Eisleben: Luthers Sterbehaus, UNESCO Weltkulturerbe

Luther's death house

“Luther’s Final Journey”

In the house where Luther died, the exhibition “Luther’s final journey” recounts the Reformer’s last trip to Eisleben and his final days there.

Martin Luther's last journey took him from Halle back to his birthplace in January 1546 to settle disputes between the counts of Mansfeld. Already marked by illness and exhaustion, Luther said a few days before his death: "I was born and baptized all here in Eisleben; how if it were God's will that I should die here too!" Luther preached his last sermon in St. Andrew's Church in the city center on February 15. The pulpit from which he preached still stands in the church today.

St. Andrew's Church in Lutherstadt Eisleben, where Luther preached his last sermon ©Jörg Gläscher, IMG Sachsen-Anhalt

In the night of February 18, 1546, the 62-year-old Luther died. The house where Luther died is located opposite St. Andrew's Church on the market square. The house of death is also a museum and is dedicated to the last three weeks of Martin Luther's life.

Museum of Luther's death house in Eisleben ©VON M GmbH, Stuttgart

In addition to the death reports, the original pall of Luther's coffin and his death mask are among the most important exhibits. Since 1996, the house where Luther died and the house where he was born have been UNESCO World Heritage Sites. In Eisleben's historic city center, a Luther monument has stood on the market square since 1883 in memory of the city's most famous son, which bears the epithet Lutherstadt.

View into the bedroom in Luther's death house ©Kunstmann, LutherMuseen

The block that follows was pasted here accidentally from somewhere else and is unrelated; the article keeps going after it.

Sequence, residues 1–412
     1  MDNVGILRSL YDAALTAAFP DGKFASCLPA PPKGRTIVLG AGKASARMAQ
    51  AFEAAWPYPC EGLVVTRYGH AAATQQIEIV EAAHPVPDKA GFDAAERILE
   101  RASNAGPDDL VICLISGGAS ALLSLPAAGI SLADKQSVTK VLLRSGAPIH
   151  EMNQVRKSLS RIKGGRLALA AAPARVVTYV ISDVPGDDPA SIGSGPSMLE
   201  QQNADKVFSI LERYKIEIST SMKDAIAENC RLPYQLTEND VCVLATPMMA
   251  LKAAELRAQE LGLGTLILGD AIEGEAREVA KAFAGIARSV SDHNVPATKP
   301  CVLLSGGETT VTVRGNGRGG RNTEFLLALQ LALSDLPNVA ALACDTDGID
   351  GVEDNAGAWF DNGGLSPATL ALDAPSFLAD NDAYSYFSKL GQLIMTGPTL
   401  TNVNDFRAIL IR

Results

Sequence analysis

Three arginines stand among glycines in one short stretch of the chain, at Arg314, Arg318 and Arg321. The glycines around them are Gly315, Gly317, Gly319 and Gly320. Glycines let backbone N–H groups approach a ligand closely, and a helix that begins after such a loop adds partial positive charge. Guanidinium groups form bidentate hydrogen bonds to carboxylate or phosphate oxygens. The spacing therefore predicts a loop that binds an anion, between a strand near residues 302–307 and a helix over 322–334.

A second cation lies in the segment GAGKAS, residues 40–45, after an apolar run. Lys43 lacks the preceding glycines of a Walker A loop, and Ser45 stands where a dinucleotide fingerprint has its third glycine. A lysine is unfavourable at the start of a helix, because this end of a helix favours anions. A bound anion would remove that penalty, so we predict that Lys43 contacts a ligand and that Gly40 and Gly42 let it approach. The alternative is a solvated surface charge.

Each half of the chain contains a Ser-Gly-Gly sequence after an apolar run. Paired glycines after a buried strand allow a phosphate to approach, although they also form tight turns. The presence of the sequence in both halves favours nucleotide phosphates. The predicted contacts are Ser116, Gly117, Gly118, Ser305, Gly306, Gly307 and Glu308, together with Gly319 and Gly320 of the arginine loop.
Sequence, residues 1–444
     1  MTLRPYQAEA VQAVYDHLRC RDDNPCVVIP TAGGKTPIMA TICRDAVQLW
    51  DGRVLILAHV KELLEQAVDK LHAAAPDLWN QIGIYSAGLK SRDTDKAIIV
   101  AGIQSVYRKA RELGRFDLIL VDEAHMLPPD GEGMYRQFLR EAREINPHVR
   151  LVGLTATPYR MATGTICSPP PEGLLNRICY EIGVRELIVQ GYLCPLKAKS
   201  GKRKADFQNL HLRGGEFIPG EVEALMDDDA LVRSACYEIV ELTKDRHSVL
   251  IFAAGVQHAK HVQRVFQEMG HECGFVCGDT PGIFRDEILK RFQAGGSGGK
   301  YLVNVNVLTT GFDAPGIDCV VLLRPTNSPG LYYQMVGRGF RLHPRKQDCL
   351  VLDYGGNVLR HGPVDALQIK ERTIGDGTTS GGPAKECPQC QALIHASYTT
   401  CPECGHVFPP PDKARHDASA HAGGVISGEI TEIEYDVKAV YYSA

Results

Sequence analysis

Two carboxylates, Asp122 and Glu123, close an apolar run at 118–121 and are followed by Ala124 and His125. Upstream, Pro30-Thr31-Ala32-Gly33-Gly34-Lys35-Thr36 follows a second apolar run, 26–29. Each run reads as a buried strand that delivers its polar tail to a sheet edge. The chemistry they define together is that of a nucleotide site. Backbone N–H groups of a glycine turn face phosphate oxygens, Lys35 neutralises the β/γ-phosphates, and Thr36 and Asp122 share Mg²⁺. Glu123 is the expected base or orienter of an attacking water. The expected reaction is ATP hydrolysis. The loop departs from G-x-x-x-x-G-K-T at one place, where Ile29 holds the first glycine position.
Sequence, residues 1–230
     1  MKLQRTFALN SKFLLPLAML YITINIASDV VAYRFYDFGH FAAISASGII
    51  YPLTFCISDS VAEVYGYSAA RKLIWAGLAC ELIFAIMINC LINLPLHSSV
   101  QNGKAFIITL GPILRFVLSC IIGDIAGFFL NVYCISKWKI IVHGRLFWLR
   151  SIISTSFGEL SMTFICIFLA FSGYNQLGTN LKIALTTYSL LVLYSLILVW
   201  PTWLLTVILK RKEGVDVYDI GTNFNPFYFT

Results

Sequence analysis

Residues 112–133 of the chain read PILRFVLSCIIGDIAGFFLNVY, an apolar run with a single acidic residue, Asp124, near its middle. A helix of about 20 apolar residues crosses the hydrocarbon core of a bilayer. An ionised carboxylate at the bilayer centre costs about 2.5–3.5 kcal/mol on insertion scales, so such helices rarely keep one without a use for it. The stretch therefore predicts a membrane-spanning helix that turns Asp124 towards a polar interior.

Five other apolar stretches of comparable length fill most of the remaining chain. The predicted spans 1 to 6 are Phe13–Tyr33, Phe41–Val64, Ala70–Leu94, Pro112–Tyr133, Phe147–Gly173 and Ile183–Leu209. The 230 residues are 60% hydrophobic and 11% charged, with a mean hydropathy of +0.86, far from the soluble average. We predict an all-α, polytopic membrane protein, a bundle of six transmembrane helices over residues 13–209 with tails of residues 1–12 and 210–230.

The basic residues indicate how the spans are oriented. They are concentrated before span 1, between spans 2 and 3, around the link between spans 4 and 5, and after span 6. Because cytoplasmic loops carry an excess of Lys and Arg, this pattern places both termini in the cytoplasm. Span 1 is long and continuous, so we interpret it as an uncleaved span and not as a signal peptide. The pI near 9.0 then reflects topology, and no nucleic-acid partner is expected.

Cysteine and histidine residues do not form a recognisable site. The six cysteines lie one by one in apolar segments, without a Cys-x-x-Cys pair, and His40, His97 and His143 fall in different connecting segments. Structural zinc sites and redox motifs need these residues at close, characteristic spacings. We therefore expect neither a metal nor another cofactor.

Contemporary Witness Report Justus Jonas (1493 - 1555), Martin Luther's Professor Colleague

"I was Dr. Luther's companion in the last weeks of his life. We were in Eisleben because Luther was to arbitrate disputes between the Counts of Mansfeld. He was tired, unenthusiastic, constantly cold. Luther suspected that his life was coming to an end. Nevertheless, he led the arbitration talks with great skill and preached to the Eislebians in St. Andrew's Church. When the counts got along, he wanted to lie down in a coffin and give the maggots a good doctor to eat, he said at that time. About one o'clock in the night of February 18, 1546, Luther sent for me to come to his bedside. He was very ill and prayed the words 'Take me blessedly to Thee'. Doctors came in and rubbed his body with strong brandy to get his circulation going - but in vain. In the morning hours Luther passed away quietly and patiently. He had no fear of death. The painter Lucas Furttenagel drew his face and removed his death mask. Afterwards, we had Luther laid out in St. Andrew's Church and the bells rung so that the citizens of Eisleben could bid him farewell. We sent messengers to Halle, Leipzig, Torgau and Wittenberg with the news of his death. From Eisleben we took Luther's coffin to St. Mary's Church in Halle, on to Bitterfeld, Kemberg, and finally to Wittenberg. There he was buried in the castle church on February 22."

Header picture ©DZT, Christof Herdt

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